|Statement||compiled by the ASM Committee on Case Hardness ; edited by Howard E. Boyer.|
|Contributions||Boyer, Howard E., ASM International. Committee on Case Hardness.|
|LC Classifications||TN752.C3 C38 1987|
|The Physical Object|
|Pagination||319 p. :|
|Number of Pages||319|
|LC Control Number||86071114|
The case-hardening of steel Paperback – January 1, by Harry Brearley (Author) See all formats and editions Hide other formats and editionsAuthor: Harry Brearley. Case hardening is defined as a process by which a ferrous material is hardened in such a manner that the surface layer, known as the case, becomes substantially harder than the remaining material, known as the core. Abstract. This chapter discusses hardening processes that involve changes in surface composition. These case hardening treatments are broadly classified into f. Surface Hardening of Steels: Understanding the Basics [J. R. Davis, J. R. Davis] on *FREE* shipping on qualifying offers. Surface Hardening of Steels: Understanding the BasicsReviews: 3.
Book review of. COLOUR CASE HARDING OF FIREARMS Principles and Practices by Dr. John A. Seim. Primitive iron has been produce on earth now around three millennia. With better smelting procedures and the controlled introduction of carbon to iron, reasonably pure, usable steel has been with us perhaps a thousand years or so. For Deeper Cases on Mild Steel: Immerse part in compound using pen shallow receptacle. Subject to heat of degrees Fahrenheit for a period of 15 to 60 minutes, depending on depth of case required. Use dry tong to remove part from molten compounds. Case hardening of steel. Metals Park, OH: ASM International, [©] (OCoLC) Document Type: Book: All Authors / Contributors: Howard E Boyer; ASM International. Committee on Case Hardness. Case Hardening of Steel by Howard E. Boyer (Editor) ISBN ISBN Why is ISBN important? ISBN. This bar-code number lets you verify that you're getting exactly the right version or edition of a book.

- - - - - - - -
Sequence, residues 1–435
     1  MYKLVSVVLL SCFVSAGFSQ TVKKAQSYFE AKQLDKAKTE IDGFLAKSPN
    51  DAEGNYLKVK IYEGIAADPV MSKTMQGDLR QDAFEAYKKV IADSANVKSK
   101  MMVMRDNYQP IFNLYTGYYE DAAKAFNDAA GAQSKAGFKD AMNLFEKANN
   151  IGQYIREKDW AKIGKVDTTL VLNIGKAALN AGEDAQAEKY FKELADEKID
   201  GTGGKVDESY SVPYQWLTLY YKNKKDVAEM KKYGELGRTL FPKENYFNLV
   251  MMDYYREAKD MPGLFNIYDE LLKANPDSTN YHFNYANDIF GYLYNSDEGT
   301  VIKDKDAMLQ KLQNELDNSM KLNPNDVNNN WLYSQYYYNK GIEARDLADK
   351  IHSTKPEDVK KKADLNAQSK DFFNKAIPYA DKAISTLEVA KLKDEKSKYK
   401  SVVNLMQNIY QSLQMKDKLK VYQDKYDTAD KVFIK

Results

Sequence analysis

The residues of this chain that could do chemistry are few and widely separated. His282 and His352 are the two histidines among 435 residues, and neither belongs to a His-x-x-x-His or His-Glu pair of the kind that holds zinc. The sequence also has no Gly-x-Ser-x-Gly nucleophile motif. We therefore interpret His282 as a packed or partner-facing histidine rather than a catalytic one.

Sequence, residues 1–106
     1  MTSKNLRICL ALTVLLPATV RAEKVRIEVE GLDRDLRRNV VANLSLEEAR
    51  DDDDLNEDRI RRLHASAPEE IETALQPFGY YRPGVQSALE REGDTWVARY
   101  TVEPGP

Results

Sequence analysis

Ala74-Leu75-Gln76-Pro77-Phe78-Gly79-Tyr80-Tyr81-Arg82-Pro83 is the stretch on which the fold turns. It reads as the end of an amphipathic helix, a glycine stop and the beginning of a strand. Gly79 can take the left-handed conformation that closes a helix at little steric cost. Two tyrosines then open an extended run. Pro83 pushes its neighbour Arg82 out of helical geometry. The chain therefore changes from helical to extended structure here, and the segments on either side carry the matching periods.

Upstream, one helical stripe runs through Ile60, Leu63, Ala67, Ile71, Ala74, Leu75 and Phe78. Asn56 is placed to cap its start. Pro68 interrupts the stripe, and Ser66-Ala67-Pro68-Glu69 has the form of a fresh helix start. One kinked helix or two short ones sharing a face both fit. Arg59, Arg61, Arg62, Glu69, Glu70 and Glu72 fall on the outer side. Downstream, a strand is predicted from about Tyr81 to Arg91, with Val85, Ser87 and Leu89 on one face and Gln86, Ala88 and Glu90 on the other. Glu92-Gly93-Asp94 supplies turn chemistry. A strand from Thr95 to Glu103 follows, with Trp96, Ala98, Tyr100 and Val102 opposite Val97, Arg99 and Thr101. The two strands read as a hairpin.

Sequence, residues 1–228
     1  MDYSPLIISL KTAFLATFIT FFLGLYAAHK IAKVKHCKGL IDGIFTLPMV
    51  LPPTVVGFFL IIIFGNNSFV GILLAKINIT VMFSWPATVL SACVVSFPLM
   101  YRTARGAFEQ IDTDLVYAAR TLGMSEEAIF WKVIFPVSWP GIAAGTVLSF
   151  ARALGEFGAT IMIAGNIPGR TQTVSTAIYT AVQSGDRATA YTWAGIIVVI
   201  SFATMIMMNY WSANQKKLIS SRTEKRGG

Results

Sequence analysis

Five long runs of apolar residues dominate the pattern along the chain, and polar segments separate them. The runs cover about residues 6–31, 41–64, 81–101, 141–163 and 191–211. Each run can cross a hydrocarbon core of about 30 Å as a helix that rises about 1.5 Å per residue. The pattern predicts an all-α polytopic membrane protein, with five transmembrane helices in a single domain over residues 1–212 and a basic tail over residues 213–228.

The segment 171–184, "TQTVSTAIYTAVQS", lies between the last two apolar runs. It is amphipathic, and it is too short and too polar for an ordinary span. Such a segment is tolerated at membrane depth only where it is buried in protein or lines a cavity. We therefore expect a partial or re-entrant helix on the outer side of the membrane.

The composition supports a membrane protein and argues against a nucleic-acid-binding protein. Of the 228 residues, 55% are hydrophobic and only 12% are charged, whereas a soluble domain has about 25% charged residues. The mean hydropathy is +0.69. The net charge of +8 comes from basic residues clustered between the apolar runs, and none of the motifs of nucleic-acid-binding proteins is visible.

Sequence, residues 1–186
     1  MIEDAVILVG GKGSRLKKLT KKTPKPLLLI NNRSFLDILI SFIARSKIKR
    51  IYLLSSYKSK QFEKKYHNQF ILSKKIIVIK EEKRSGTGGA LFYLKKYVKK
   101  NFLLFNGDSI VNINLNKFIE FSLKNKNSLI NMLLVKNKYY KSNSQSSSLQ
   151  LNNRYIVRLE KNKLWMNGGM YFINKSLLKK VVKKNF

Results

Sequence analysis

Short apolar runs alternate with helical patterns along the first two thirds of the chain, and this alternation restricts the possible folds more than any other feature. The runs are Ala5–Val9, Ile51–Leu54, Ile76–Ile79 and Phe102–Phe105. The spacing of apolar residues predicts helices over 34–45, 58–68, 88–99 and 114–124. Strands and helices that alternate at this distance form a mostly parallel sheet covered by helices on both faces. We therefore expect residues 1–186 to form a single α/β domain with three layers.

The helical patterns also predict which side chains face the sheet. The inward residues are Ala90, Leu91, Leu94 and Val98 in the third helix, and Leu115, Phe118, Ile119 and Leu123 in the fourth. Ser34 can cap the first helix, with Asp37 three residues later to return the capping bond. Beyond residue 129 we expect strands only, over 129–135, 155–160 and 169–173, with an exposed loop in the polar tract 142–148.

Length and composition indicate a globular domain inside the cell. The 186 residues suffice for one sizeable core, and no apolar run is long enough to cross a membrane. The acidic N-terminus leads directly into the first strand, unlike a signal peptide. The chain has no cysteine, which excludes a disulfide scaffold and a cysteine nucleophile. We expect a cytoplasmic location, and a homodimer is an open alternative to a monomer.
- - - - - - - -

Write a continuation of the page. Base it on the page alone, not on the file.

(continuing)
Case Hardening / Surface Hardening. The process of Hardening the surface of the machined components to resists wear and tear by keeping the core material remains soft to withstand the shock loads known as the Case hardening or the Surface Hardening process. This Case Hardening process will be applied to the final shaped machine components. Case hardening may be defined as a process for hardening a ferrous material in such a manner that the surface layer, known as the case, is substantially harder than the remaining material, known as the core. The process embraces carburizing, nitriding, carbonitriding, cyaniding, induction, and fíame hardening. Color case hardening (sometimes referred to as case-hardening, case color hardening, or surface hardening) is a heat treating process and one of the earliest ways of hardening lower-grade steel. Originally, this process used bone charcoal heated to an exact temperature. This article discusses the metallography and microstructures of carburized, carbonitrided, and nitrided steels, with illustrations. It provides information on the widely used metallographic techniques including sectioning, mounting, grinding and polishing, and etching.